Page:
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Fitness Theory and Practice. CrossFit's rationale & foundations. Who is fit? What is fitness?

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Old 08-14-2006, 06:20 AM   #1
Dorie Ann Geissler
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I know this depends on alot of factors - diet, training, rest, hormones, etc. -- but somewhere on the web I saw a number posted indicating the maximum amount of muscle mass a woman could expect to gain in week or month. Has anyone seen this kind of estimate? Is there scientific data to support some kind of approximation like this?
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Old 08-14-2006, 10:13 AM   #2
Robert Wolf
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There are so many variables there...not sure it would have any meaning. We had a girl who was a chronic meal skipper and seriusly under-weight. She finally got on the Zone and increased BW I think 8lbs in a month (she was ~105). Her performance improved significantly as did her apearance and mental health. I guess just be careful for what you use as "normal".

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Old 08-14-2006, 03:17 PM   #3
Lynne Pitts
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Moving to Fitness.
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Old 08-15-2006, 12:50 AM   #4
paul arestan
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Putting on muscle is hard for a lot of males, and it is even harder for females.
I won't talk about life style, sleep, medical conditions, stress etc...
To keep things simple, let's say that the right training, the right diet and the right parents (we generally look like them) are the basic the key elements to any fitness achievements.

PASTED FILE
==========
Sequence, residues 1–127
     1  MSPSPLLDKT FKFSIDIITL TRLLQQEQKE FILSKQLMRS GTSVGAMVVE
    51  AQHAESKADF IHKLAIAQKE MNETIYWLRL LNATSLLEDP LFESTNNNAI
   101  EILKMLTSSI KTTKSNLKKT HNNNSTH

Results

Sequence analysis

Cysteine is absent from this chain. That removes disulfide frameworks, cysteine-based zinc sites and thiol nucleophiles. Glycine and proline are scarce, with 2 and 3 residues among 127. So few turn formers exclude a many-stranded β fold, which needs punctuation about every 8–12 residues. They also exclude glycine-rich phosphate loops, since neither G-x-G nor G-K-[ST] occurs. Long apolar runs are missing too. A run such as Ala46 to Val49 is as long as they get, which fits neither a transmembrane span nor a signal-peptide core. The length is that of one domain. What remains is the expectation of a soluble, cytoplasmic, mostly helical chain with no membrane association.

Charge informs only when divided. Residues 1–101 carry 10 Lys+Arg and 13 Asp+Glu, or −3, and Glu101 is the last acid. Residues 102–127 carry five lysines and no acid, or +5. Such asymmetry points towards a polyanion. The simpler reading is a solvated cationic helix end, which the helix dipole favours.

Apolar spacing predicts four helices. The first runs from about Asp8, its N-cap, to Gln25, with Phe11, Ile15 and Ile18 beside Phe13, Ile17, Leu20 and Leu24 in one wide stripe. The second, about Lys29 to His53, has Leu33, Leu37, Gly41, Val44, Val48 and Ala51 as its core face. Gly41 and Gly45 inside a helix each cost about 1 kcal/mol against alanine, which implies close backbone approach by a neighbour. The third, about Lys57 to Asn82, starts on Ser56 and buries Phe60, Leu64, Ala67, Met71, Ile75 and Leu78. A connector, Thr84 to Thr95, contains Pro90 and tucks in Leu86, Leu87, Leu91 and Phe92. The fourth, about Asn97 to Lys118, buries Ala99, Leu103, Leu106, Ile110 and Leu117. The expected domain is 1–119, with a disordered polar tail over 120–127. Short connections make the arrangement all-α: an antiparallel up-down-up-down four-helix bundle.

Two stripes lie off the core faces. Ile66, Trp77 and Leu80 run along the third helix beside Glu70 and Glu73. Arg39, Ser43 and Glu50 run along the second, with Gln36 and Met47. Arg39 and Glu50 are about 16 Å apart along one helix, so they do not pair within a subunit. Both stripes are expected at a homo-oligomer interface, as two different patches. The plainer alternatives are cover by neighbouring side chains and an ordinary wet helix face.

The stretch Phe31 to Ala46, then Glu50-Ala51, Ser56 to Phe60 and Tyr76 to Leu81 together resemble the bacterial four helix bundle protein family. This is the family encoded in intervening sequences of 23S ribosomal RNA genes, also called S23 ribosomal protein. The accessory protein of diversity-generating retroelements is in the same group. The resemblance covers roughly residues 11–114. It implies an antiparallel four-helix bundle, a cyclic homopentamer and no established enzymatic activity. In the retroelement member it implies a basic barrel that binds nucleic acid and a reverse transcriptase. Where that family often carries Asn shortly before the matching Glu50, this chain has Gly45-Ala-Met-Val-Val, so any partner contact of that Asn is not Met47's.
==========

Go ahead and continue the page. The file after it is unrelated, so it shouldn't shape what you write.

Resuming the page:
If a trainee has at least 2 of these elements under control (there's one we can't do much about, can we?), there will be some results.
However, it varies greatly from one individual to an other, and 2 people on the same training program may have different results.
I trained a few girls who had an amazing ability to gain muscle quickly, without even trying hard; they all were from South Pacific Islands (Fidji, Samoa and New-Zeland), which makes me wonder if there could also be a racial element.
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Old 08-16-2006, 04:11 PM   #5
Charlie Reid
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most women also shouldn't use a set-rep protocol like that of a man to elicit size gains. 10sets of 3reps is great for males because it helps release testosterone, however women have something like 20 times less testosterone than males so this protocol would be wasting time (unless they wanted to use it to get stronger). A better approach would be doing higher rep training, say 3 sets of 10 to get a more potent growth hormone release (which women have more of at rest than males). The benefit of GH is that it's also lypolytic, meaning it triggers fat-burning. Again, this is if one's interest is purely just to add muscle, not to be more fit or conditioned (Crossfit does a better job at that).
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Old 08-17-2006, 05:53 AM   #6
Dorie Ann Geissler